* All the ACS tables include margins of error, i.e., how much the raw numbers and percents could be too high or too low. For readability, I’m reporting both as given. The overall poverty rate beats the statistical text, but others Small year-over-year changes may mean no real differences.


U.S. Poverty Rate Slides Down

September 13, 2016

The Census Bureau has just reported that 13.5% of people in the U.S. — about 43.1 million — were officially poor last year. One wouldn’t pop a champagne cork over numbers like these. But they’re lower than reported for 2014, when the rate was 14.8%, representing roughly 46.7 million very poor people.

Rates declined for every major population group the report breaks out, except working-age adults with disabilities, whose rate remained 28.5%. All reported groups, except Asians also had lower deep poverty rates, i.e., household incomes less than half the thresholds the Bureau uses to separate the poor from the non-poor.

On the flip side, we still see large disparities. And the somewhat improved rates don’t necessarily reflect meaningful income gains.

Children Still the Poorest, Seniors Still the Least

The child poverty rate has exceeded the overall poverty rate since at least 2006, when I started tracking. Last year it dipped to 19.7%, just 1.4% lower than in 2014. The new rate represents about 14.5 million children — more than a third of all the poor people in our country.

About 6.5 million children — 8.9% — lived in deep poverty. This too is somewhat fewer than in 2014, but still alarming, especially given what we know about the lifelong damages that even just plain poverty can wreak on young children.

As in the past, people 65 years and older had the lowest poverty and deep poverty rates among the major age groups — 8.8% and 2.8% respectively. We can chalk this up largely to Social Security retirement benefits, as the Census Bureau’s new report on its Supplemental Poverty Measure shows.

Race/Ethnicity Gaps Still Yawning

Nothing much new here, except the rates. For example, the poverty rate for blacks was still more than two and a half times the rate for non-Hispanic whites — 24.1%, as compared to 9.1%.

The deep poverty rates nearly mirror these gaps — 10.9% for blacks and 4.3% for non-Hispanic whites.

Hispanics fared better than blacks, but hardly well. Their poverty rate was 21.4% and their deep poverty rate 8.5%.

Rates for Asians were lower — 11.4% and 6.2% respectively. But several analyses suggest we’d see some larger gaps — and in other cases, virtually none or even reversed — if the Bureau differentiated among the subpopulations this group comprises.

Low Inflation a Factor in Poverty Rate Drops

We should take always take poverty rates like these with a large grain of salt because the thresholds are so very low. One dollar over the threshold and everyone living in the household (except for some children) is officially not-poor.*

The thresholds aren’t altogether fixed, however. The Bureau adjusts them annually, based on the CPI-U — what consumers in metro areas spend on a market basket of goods and services.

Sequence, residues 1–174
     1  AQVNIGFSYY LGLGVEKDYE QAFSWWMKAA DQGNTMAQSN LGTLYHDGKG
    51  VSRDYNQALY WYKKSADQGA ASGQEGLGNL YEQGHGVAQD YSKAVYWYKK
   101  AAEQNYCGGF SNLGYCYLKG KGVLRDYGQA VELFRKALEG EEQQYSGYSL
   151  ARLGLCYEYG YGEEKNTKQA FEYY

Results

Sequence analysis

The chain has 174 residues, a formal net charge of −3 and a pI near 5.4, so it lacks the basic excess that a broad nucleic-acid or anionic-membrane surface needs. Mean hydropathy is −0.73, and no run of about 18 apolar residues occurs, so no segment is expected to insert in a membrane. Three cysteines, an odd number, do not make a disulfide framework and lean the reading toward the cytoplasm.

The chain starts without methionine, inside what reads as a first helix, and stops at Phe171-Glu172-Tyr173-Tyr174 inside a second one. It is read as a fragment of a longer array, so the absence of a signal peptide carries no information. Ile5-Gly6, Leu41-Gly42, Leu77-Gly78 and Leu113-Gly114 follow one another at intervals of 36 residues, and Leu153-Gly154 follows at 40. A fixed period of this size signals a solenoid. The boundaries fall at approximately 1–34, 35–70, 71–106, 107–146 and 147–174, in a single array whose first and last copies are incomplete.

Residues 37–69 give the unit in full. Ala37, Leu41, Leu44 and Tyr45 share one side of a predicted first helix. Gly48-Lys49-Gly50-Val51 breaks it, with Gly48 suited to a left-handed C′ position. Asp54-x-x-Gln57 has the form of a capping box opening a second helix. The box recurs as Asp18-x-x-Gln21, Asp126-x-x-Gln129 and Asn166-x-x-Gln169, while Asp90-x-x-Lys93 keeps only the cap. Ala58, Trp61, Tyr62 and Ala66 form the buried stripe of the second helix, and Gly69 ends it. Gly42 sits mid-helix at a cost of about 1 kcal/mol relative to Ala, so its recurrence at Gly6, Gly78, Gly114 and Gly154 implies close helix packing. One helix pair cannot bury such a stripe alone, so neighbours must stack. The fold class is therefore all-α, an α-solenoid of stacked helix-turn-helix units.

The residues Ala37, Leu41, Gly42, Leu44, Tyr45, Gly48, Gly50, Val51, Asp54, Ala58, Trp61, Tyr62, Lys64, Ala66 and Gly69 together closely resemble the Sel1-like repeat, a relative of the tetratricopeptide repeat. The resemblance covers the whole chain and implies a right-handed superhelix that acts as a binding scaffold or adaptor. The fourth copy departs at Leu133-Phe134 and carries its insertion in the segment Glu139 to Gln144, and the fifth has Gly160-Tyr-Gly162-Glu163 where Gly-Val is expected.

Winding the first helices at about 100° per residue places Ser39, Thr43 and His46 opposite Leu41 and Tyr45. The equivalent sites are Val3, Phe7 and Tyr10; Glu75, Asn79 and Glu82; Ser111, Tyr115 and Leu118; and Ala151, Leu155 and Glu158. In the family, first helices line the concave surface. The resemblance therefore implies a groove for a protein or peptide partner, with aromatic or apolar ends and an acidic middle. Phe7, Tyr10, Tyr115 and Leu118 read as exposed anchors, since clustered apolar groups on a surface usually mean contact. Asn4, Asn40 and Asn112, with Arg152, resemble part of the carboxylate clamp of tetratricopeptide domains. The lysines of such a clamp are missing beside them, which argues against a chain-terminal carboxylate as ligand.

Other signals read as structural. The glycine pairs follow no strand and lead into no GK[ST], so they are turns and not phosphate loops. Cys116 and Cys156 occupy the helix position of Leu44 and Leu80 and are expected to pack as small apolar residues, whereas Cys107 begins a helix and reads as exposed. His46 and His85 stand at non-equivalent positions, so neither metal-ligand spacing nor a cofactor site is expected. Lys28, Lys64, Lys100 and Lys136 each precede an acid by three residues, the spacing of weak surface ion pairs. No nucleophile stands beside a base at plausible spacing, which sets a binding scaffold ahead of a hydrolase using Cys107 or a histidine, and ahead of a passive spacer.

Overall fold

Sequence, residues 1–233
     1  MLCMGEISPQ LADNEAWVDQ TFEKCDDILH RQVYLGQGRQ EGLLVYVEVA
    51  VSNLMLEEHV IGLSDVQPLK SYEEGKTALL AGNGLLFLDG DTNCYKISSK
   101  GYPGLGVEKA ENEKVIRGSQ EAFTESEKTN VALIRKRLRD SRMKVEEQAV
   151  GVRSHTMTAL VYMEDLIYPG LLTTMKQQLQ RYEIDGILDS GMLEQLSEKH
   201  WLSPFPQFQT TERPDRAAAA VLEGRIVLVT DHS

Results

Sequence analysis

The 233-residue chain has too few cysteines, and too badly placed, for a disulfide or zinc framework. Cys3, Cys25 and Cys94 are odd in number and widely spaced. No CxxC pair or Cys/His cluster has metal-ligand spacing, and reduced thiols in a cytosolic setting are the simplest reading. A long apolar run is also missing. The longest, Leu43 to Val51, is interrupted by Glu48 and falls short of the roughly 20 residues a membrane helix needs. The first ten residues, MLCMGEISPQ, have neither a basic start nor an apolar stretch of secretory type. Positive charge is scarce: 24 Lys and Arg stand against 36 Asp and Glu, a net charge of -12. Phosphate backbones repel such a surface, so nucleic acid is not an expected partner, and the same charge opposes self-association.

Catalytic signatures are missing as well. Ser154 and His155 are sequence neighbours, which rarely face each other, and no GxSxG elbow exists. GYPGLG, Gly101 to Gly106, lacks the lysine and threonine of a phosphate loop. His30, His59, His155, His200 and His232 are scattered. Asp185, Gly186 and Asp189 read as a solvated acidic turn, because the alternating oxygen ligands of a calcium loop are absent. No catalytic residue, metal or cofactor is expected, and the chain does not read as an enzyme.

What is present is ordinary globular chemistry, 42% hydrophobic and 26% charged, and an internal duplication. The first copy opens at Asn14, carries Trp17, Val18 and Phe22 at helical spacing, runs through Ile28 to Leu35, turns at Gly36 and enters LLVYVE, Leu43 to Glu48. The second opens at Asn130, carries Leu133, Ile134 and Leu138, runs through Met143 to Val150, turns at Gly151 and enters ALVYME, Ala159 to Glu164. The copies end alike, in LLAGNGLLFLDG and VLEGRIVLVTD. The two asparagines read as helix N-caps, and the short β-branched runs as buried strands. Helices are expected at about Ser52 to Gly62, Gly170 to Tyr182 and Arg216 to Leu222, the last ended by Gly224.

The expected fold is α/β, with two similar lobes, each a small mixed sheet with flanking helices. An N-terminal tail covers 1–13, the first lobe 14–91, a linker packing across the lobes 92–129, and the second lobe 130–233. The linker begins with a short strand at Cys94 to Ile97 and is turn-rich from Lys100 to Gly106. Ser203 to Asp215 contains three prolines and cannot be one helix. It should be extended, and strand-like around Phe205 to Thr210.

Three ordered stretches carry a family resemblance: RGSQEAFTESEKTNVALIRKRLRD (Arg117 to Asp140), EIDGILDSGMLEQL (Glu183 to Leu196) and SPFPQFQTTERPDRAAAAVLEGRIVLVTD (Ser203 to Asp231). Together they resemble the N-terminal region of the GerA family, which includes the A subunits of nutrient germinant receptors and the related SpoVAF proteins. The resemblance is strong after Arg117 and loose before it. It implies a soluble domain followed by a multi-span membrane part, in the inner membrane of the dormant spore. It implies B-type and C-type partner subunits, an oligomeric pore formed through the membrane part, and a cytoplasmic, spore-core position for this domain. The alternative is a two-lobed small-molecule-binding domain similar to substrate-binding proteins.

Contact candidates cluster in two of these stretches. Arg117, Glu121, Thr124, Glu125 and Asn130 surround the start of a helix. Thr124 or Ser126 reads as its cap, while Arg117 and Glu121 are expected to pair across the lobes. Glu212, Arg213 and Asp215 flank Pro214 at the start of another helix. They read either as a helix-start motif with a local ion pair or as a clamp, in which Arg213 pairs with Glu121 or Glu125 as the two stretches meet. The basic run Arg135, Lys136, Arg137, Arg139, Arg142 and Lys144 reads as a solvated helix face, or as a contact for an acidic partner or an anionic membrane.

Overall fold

The CPI-U remained virtually flat in 2015. So even a miniscule increase in household income could boost all its members over the applicable threshold.

In other words, the new, lower poverty rates don’t necessarily signal substantial, widespread income gains. They do, however, mean that more workers got paid somewhat more — and more who wanted to work got jobs that paid more than a pittance.

* Children under 15 who aren’t related by birth, marriage or adoption to any of the adults in the household are not part of the “poverty universe,” so far as the official measure is concerned.


DC Poverty Rate Dips Down

September 17, 2015

Hard on the results of the Census Bureau’s latest annual Current Population Survey supplement come the vastly more detailed results of its American Community Survey. As the headline says, they indicate what seems a drop in the overall poverty rate for the District of Columbia — down from 18.9% in 2013 to 17.7% last year.*

In human terms, this means that roughly 5,120 fewer District residents lived in poverty, as the Census Bureau’s official measure defines it.

At the same time, fewer residents lived in deep poverty, i.e., with household incomes no greater than 50% of the applicable poverty threshold — 9.1%, as compared to 10.3% in 2013.

These figures are obviously good news. But they’re hardly good enough to pop a champagne cork for. Several major reasons we should remain very concerned.

First, as I’ve said before, the poverty thresholds are extraordinarily low. A single parent and her two children, for example, were counted as poor only if the family’s pre-tax cash income was less than $19,073 — this in a city where the family’s basic needs cost roughly $104,000. Perhaps even more, as the DC Fiscal Policy Institute has noted.

Second, the District’s poverty rate is still high, even comparatively. The national poverty rate, according to the ACS, was 15.5% last year. The District’s poverty rate also exceeds all but 11 state-level rates.

Third, the poverty rate for children in the District is far higher than the rate for the population as a whole — 26% or more than one in four residents under 18 years old. The deep poverty rate for children is also higher — 12.4%.

True, these rates are lower than in 2013, when they were 27.2% and 16.2%. But we’ve got more children in the District now. So the rate dips — for plain vanilla poverty in particular — reflect less progress than they seem to.